Seven Ways To Manage Your Anxiety During A Market Crash

Who would’ve thought this could ever happen?

We’re having the equivalent of a great depression style bank run on toilet paper.

On a more serious note, some scary stuff is occurring.

The world’s mobilizing for war against one of nature’s serial killers.

The stock market entered its fastest journey into a bear market – EVER.

America is likely to enter a recession if it’s not in one already.

A nefarious scheme was hatched to collapse the price of crude oil.

Pro and college sports are cancelled.

Disney World Closed!

Despite our greatest fears, this too shall pass.

Investors must focus on what they CAN control, not what they can’t. Always beginning with their behaviour.

Jason Zweig offers sage advice.

Controlling the controllable doesn’t just mean shrugging off whatever is out of your power. It also means putting some calm and serious thought into what is within your power. Your future success may depend less on what markets do—and more on spending a few quiet minutes figuring out who you are as an investor.

Telling people “Don’t Panic” in a condescending manner doesn’t cut it. Listening with empathy and providing an action plan comforts rather than scolds.

Lisa Damour of The New York Times shares some clues in her terrific piece, 5 Ways to Help Teens Manage Anxiety About the Coronavirus.

Stressed out investors need to focus on these seven action steps.

  1. Normalizing Anxiety: It’s perfectly normal to be losing your sh*t in unprecedented times. Healthy anxiety has a purpose. Alerting us to potential threats. In this case, seeing the possibility of your 401(k) get cut in half for the third time in twenty years or losing your health or job. Normal anxiety doesn’t mean you need medication. Instead, implement a healthy action regime of taking care of body and mind through exercise, meditation, sleep, and proper eating.
  2. Maintaining Perspective: This includes not overestimating danger or more importantly underestimating your ability to protect yourself. Filter your news by reading select data-driven sources, not hyperbolic eye-ball seekers. Increase your savings and lower expenses. Read market history. Keeping things on an even keel is difficult but imperative.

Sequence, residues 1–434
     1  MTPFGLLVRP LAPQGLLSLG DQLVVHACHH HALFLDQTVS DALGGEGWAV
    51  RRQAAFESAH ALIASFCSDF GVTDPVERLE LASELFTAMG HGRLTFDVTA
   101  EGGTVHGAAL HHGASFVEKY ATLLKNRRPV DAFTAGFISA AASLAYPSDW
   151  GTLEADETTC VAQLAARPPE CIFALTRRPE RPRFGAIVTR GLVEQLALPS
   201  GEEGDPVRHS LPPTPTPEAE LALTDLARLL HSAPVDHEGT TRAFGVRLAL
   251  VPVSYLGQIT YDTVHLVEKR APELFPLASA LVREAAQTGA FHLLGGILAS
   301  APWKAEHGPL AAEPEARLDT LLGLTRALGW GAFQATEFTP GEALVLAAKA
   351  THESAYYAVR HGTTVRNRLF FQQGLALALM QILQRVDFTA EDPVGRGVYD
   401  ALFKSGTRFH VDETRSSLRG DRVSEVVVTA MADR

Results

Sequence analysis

3. Shifting the Spotlight: Losing money in the markets is very painful. If that’s your biggest problem, consider yourself lucky. In the upcoming days and weeks, many will lose their jobs and find themselves in a crisis situation. This is a fantastic opportunity to start volunteering if you haven’t done so already. You’ll be surprised how much better this will make you feel.
  4. Distracting Yourself: When we fixate on the bad stuff, it hijacks our minds. Take a break from social media rumour-mongering and hourly market alerts. Binge-watch that series you’ve been putting off, avoiding films like Contagion or Outbreak.  Better yet, get all the paperwork together to refinance your mortgage.
  5. Choosing Your Friends Carefully: Is this the best time to be hanging out with or texting Mary the Hypochondriac? Is your College Friend who’s predicting the next Great Depression the person you should be leaning on for advice right now? It’s more important than ever to eliminate toxic people from your life. Everybody’s not panicking, you’re only hearing from the people who are. This is the perfect time to cull the prophets of doom.
  6. Avoiding Considering Only Extreme Scenarios: Thinking everything’s fine or this is a rerun of the financial crisis isn’t the path to follow. Plugging into the incessant chatter of 24/7 scare tactics feeds this beast.  Consider other possible scenarios instead of only the best and worst cases.
  7. Understanding – This Is Why You Have a Plan: No good financial plan was created assuming everything is always going to be peaches and cream. Moments like this are the reason plans are created in the first place.  If you don’t have a plan, make one or find yourself a new advisor.

Step back and take a deep breath. Nothing in life is permanent including bear markets.

Think different, seeing the world through the goggles of past assumptions will goose up cortisol production.

If all else fails. remember Josh Brown’s ABC’s. Always Be Cool.

I’ll leave you with something from Ben Carlson, a voice of reason in a blogosphere of melodrama.

Here’s something I can say with 100% certainty — every bear market in the history of U.S. stocks has led to new all-time highs at some point in the future.

Remember, things will get better with or without self-induced anxiety.

Choosing from the without column makes this ordeal much less painful.




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